By the middle of '88, computer retailers were reporting that the Amiga was selling as quickly
    as the ST, with many Atari owners exchanging their systems.
    This meant that it was now increasingly worthwhile for developers to port their games from the
    Atari ST to the Amiga - a relatively simple task, given that they had the same CPU (and
    the Amiga could easily match the ST's graphics).
    This was good, as it meant that all of a sudden there was a large library of games for the
    Amiga - but it was also bad, because none of them took particular advantage of the Amiga's
    chipset, and often ran more slowly than the ST counterpart.
    Still, this was a definite tipping point for the Amiga - and in July 1988, Commodore UK
    made an aggressive price cut: selling the basic A500 for just £399 - the same price
    as the ST.
    Atari cut their prices in response, but it was too late: the Amiga started to pull ahead.
    Better yet, developers were starting to get to grips with the machine's unique abilities
    - and increasingly, more games were at their best on the Amiga.
    Arcade conversions were a staple of the era, but most 8-bit efforts were embarrassing compared
    to the original. But for a brief moment, the Amiga could manage near-perfect arcade ports.
    In fact, many regard the Amiga version of Silkworm as superior to the arcade original!
    Beyond the big-name ports, a number of developers were starting to build a reputation for high-quality,
    original 16-bit software - and amongst them were The Bitmap Brothers.
    Their first game was a vertically-scrolling shoot-em-up called Xenon.
    It had all the hallmarks of a 16-bit game: Digitised speech and video; In-game music
    as well as sound effects; and relatively colourful graphics.
    It was impressive enough to be featured as a phone-in game on Saturday morning children's
    television - and it also has the accolade of being the first ever Amiga game to hit
    the UK Top 40 charts.
    Xenon was first developed for the ST and ported to the Amiga: the Bitmap's next game, Speedball,
    was developed for both simultaneously; but Xenon 2: Megablast was made with the Amiga
    in mind.
    With large sprites, parallax scrolling and rock-hard gameplay it became a benchmark title
    - and the fantastic soundtrack from Bomb The Bass made it a classic.
    The Bitmap Brothers were 16-bit pioneers that helped define the Amiga's aesthetic - and
    some of their later games: like Speedball 2, The Chaos Engine; are considered amongst
    the finest available for the platform.
    Another major publisher at the forefront of this generation were Liverpool-based Psygnosis.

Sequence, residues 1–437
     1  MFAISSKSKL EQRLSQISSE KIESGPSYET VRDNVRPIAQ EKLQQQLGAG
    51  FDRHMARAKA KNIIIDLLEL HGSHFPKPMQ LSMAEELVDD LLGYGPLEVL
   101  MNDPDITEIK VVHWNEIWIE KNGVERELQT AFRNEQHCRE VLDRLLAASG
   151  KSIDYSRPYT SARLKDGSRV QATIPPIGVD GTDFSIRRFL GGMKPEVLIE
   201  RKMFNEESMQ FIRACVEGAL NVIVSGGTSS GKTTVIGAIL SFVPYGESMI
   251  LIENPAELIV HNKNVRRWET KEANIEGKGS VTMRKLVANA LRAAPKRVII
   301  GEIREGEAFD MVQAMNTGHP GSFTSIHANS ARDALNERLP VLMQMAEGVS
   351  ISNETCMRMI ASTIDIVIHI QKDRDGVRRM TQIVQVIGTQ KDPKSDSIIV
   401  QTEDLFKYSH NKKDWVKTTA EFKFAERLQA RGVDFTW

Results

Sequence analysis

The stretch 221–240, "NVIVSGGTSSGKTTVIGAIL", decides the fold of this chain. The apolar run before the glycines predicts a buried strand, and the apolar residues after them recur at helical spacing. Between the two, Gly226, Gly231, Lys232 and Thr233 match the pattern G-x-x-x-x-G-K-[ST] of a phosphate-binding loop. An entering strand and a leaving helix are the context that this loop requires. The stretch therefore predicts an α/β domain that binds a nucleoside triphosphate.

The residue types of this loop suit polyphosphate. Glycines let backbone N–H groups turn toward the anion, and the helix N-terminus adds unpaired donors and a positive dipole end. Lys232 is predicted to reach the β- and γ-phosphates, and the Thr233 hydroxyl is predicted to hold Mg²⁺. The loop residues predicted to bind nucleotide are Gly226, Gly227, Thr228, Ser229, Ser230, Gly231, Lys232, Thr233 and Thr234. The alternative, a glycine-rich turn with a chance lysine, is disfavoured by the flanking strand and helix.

One of the things they understood more than most is the importance of image: there's more
    to software than just code and graphics.
    Their box art and glossy packaging were almost as important as the contents within - and
    it might seem superficial, but the smaller market for 16-bit software demanded a premium:
    and the slick presentation (and bundled posters and t-shirts) helped justify this value proposition.
    So they rapidly established a reputation for great 16-bit games: but the Amiga versions
    were invariably very similar to the Atari ST ones.
    At least they were, until Shadow of the Beast came out.
    Beast was designed for the Amiga from the ground up, and took advantage of multiple
    hardware tricks.
    It ran in dual playfield mode, with a separate background and foreground: sprites were cleverly
    multiplexed to make the most of the 8 hardware slots; and the co-processor or 'copper' worked
    overtime to orchestrate the necessary mapping and palette changes.
    You don't need to know the technical details to appreciate the end result: instantly impressive,
    fast, arcade action with rich graphics, multi-layered parallax scrolling and atmospheric sound.
    The Atari ST version was pitiful in comparison.
    It's not exactly fair to compare a port to the original like this - but the Amiga had
    more than its fair share of lazy ST ports, so this was just deserts.
    As Christmas 1989 approached the Amiga was the only logical 16-bit choice for games.
    For many (in the UK at least), what really sealed the deal was the Batman pack.
    It bundled the Amiga 500 with Ocean's Batman movie tie-in game (a pretty passable platformer
    with a particularly hot license):
    along with The New Zealand Story; F/A-18 Interceptor; and Deluxe Paint II.
    All this for £399 made for a great deal - and they sold hundreds of thousands of Amigas
    in just a few months.
    The bundle strategy really worked for the 500, and Commodore would move millions of
    Amigas with packages like Flight of Fantasy, Screen Gems, and Cartoon Classics.
    Sunshine on a rainy day! The Amiga was going to be alright.
    For a couple of years, at least.
    Thank you very much for watching - and until next time, farewell.